Sunday, October 05, 2008

Fooled by Randomness


Fooled by Randomness: The Hidden Role of Chance in Life and in the Markets by Nassim Nicholas Taleb
Author's Website
Publisher: Penguin
Published: 2007
ISBN-13: 9780141031484
368 pages



“It is a personal essay primarily discussing its author’s thoughts, struggles, and observations connected to the practice of risk taking […]. It is written for fun and it aims to be read (principally) for, and with, pleasure.” This is lifted directly from the preface (p. vii). I revisited this book again in August this year for a book discussion with my office colleague, Eugene Foong. He was preparing a presentation for his Masters degree based on the same book. One day during lunch, he asked if I have read Nassim Taleb’s Fooled by Randomness and I answered yes. That’s how the book discussion came about.

It is interesting to note Taleb’s observations on how chance plays a part in success. Luck is democratic and hits everyone regardless of original skills, he says. Take the example of millionaires. “That all millionaires were persistent, hardworking people does not make persistent hard workers become millionaires: Plenty of unsuccessful entrepreneurs were persistent, hardworking people.” (p. xiv)

The book is written in a conversational manner and the author tries his best to make the confusing subject of randomness less confusing. Broken into three parts, the book deals with skewness, asymmetry and induction in part one; survivorship and biases in part two; and in part three, he presents the human aspects of dealing with uncertainty.

Quoting from Chapter One of the book from the example of a guy named Nero Tulip, it essentially sums up what the entire book is about in its 300 over pages: “Nero believes that risk-conscious hard work and discipline can lead someone to achieve a comfortable life with a very high probability. Beyond that, it is all randomness: either by taking enormous (and unconscious) risks, or by being extraordinarily lucky. Mild success can be explainable by skills and labor. Wild success is attributable to variance.” The book is lengthy because the author provides many examples, and it also elaborates on biases in which there are three: (a) survivorship biases arising from the fact that we see only winners and get a distorted view of the odds, (b) the fact that luck is most frequently the reason for extreme success, and (c) the biological of our inability to understand probability.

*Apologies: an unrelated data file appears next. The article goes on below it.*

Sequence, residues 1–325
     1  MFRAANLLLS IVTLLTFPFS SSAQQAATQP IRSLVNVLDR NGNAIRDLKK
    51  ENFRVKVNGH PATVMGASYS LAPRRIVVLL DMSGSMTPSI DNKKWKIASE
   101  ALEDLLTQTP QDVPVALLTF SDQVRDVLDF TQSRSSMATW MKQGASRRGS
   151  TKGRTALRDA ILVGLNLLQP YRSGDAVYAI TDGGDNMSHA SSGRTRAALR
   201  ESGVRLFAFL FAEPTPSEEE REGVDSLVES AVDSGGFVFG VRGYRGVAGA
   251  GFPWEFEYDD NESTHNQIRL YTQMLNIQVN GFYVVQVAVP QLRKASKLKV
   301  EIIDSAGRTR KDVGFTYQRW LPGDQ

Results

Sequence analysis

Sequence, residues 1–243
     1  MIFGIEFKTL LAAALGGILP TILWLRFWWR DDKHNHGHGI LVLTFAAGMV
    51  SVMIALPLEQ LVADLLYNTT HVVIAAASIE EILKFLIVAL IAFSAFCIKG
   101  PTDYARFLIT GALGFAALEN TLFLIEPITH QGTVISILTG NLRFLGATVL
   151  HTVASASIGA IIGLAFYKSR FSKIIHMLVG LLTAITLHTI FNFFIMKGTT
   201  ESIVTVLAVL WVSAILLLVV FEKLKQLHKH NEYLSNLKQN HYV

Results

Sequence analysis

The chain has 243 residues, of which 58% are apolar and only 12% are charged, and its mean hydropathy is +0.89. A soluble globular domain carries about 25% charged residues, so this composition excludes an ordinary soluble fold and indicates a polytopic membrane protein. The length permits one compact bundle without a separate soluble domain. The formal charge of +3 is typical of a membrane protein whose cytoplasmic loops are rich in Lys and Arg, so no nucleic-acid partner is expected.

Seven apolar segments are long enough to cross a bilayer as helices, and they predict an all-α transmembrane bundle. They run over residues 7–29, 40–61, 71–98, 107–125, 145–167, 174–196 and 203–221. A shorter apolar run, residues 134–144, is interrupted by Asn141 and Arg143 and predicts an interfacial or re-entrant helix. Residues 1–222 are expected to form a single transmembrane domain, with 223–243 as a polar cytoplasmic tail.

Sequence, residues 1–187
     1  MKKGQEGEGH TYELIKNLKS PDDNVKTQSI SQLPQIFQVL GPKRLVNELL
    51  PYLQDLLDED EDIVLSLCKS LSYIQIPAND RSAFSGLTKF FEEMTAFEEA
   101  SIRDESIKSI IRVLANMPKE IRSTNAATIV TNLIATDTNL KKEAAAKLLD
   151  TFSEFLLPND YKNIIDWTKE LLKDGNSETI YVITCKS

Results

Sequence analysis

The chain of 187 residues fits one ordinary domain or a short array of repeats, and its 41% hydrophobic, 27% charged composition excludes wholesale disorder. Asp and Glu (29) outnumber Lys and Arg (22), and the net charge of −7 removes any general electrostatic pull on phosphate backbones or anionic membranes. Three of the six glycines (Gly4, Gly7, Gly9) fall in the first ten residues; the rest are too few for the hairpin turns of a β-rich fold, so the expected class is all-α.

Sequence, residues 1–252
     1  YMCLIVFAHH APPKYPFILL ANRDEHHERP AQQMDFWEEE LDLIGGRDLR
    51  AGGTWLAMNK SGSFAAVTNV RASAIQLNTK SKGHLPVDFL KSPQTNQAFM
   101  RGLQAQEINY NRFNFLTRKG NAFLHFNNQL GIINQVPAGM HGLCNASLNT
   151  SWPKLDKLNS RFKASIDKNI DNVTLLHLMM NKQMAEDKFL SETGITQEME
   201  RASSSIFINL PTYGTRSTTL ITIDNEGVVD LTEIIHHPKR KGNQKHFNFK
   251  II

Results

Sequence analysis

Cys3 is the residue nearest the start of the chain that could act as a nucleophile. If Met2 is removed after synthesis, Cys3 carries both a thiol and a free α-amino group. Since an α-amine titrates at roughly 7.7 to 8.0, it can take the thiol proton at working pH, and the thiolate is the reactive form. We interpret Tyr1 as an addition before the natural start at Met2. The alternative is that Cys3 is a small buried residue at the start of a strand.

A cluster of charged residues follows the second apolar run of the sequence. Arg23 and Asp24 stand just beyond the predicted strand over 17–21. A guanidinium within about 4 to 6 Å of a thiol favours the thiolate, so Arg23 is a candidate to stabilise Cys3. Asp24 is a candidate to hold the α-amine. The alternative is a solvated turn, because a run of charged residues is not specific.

It is indeed an interesting read but not for everybody. If you want a thought-provoking read, you can give this book a go; Fortune says of the book as “One of the smartest books of all time.”

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Eugene said I could publish in my blog the slides he and his team prepared since I helped him by providing input in the book discussion. I have decided to use it in this book review. Thanks, Eugene!
Fooled By Randomness

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I hope you have enjoyed both the review and the slideshow!